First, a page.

The production team began working in early spring, taking two full months to clear a 50,000-square-meter (538,195 square feet) stretch of desert, then building stairs, hauling machinery, creating safety supports, and setting up tents, lighting and toilets.Past posts on the Masada Opera Festival are here, here, here, here, here, here, and here. I seemed to have missed 2013. I was pretty busy last June.
Once the stage was ready, they trucked in the set designed in Tel Aviv, which this year includes a massive video-screen backdrop and partial reproductions of the Eiffel Tower and Arc de Triomphe, as well as LED-lit chandelier skirts and 12 red couches that flip over and double as planters. After all, this is La Traviata, Giuseppe Verdi’s hugely popular opera about a French courtesan and her lover, and the complications and misunderstandings in their relationship.
“We don’t have animals this year, but we have acrobats,” said Uri Hartman, the opera’s production manager, referring to the horses and camels in 2010′s production of Nabucco. “There’s 700 people on stage when you add up the chorus, the dancers and the orchestra.”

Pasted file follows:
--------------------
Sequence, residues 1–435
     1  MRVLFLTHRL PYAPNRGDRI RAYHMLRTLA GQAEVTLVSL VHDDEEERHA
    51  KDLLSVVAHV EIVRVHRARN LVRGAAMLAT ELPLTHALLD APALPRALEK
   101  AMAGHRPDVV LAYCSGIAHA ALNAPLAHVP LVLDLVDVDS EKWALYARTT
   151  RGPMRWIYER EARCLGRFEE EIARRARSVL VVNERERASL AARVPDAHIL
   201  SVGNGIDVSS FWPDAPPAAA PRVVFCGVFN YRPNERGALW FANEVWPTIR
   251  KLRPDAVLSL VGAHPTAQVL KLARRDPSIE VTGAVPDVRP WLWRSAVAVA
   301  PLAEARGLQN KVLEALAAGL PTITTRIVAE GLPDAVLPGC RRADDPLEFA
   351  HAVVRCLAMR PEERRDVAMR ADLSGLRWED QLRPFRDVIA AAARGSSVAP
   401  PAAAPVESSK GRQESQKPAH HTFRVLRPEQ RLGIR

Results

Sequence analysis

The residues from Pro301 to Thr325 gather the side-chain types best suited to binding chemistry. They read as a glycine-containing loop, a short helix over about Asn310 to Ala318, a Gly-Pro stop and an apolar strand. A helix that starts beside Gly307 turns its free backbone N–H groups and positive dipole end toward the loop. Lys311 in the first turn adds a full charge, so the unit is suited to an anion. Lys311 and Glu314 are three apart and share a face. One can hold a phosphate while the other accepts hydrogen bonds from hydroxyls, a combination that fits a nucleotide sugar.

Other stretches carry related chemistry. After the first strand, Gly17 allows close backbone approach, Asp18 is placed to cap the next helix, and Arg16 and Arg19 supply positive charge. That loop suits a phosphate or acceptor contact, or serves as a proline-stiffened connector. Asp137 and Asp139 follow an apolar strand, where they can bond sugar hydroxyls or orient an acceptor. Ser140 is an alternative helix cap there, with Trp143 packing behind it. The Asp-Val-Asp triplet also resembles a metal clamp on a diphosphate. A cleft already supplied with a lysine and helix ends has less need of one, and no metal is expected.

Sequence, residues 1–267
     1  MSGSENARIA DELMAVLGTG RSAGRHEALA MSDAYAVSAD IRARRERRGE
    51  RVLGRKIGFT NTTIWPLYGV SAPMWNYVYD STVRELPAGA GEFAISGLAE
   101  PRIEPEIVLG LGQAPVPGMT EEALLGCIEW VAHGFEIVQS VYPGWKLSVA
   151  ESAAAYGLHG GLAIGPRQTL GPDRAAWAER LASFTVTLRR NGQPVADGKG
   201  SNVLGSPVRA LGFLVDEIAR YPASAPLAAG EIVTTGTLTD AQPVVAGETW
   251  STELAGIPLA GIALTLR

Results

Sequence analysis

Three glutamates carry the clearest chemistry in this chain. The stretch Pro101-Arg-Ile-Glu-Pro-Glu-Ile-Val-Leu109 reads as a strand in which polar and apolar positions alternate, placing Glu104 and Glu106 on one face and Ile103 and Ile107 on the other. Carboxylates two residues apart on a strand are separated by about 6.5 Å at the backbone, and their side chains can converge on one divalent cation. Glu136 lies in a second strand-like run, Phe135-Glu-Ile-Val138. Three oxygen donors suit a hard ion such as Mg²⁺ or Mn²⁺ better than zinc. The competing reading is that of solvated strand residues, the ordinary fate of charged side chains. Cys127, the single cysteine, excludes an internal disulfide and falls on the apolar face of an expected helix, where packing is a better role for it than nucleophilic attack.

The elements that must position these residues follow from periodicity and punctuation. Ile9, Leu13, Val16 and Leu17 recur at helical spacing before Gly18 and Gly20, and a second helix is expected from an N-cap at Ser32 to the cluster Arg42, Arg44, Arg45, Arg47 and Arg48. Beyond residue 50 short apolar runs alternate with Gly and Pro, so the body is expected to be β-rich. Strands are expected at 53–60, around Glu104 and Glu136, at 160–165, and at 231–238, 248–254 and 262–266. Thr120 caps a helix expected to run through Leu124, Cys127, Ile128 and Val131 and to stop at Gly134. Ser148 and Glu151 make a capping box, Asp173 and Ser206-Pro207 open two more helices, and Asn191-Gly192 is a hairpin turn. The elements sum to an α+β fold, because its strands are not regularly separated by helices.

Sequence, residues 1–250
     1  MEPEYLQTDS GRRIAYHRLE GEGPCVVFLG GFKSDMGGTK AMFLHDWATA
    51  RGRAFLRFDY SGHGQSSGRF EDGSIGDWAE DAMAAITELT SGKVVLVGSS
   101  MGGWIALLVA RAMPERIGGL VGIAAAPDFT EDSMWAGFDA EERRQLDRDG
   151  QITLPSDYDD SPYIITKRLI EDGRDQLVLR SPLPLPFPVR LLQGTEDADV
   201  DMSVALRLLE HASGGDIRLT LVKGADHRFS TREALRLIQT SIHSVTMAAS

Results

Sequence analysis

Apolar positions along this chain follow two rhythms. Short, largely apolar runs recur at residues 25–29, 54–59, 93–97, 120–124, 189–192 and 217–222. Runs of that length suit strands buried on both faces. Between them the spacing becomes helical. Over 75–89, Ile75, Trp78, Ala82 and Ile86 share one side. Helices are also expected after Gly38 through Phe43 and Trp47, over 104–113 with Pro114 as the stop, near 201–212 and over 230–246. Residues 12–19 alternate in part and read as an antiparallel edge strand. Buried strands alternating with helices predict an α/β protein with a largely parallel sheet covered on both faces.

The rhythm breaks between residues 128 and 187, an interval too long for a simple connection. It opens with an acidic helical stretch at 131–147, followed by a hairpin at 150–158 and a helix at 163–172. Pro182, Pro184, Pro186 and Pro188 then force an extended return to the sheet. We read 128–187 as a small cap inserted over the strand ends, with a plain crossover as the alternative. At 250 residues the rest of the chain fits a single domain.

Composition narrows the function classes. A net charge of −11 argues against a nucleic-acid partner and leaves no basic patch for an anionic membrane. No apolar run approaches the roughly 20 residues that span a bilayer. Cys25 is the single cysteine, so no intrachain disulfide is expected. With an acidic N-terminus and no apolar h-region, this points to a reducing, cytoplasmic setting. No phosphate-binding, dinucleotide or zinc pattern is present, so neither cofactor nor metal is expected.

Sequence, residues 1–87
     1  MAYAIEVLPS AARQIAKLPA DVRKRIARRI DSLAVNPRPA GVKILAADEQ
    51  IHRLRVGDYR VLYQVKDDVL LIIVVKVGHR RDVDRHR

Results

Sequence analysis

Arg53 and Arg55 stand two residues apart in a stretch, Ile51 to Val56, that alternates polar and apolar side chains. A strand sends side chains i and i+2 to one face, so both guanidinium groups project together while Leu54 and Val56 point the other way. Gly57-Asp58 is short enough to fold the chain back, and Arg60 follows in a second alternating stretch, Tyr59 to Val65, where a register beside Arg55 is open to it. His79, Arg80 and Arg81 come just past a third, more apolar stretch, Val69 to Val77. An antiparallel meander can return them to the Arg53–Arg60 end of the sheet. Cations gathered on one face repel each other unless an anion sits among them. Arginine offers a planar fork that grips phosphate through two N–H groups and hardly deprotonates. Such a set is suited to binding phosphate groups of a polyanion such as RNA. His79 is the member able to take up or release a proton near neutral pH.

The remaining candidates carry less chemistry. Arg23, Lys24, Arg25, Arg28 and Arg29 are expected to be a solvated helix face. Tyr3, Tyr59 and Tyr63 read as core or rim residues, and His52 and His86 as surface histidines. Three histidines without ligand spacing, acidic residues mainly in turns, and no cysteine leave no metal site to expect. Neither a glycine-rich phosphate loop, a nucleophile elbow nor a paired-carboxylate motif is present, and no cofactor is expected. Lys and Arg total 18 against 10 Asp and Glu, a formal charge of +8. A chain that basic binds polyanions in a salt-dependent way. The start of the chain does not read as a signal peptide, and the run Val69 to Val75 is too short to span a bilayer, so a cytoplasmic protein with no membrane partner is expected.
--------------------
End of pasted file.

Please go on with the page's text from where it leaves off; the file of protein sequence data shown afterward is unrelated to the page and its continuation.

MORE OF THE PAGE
There’s also the entrance to the opera, which mimics a wide, grand Parisian boulevard, complete with stands selling French snacks, leading up to the 7,852 seats set in front of the stage, the backdrop of Masada in the near distance. Beyond the entrance, attendees arrive in shuttles from the nearby parking lot at the local airstrip, as private cars are not allowed at the site.
Also related, Bible History Daily: The Masada Siege. The Roman assault on Herod’s desert fortress (Robin Ngo). This summarizes an article in the current issue of BAR by Gwyn Davies, which article is unfortunately behind the paywall. The full contents of the current issue is summarized in this press release.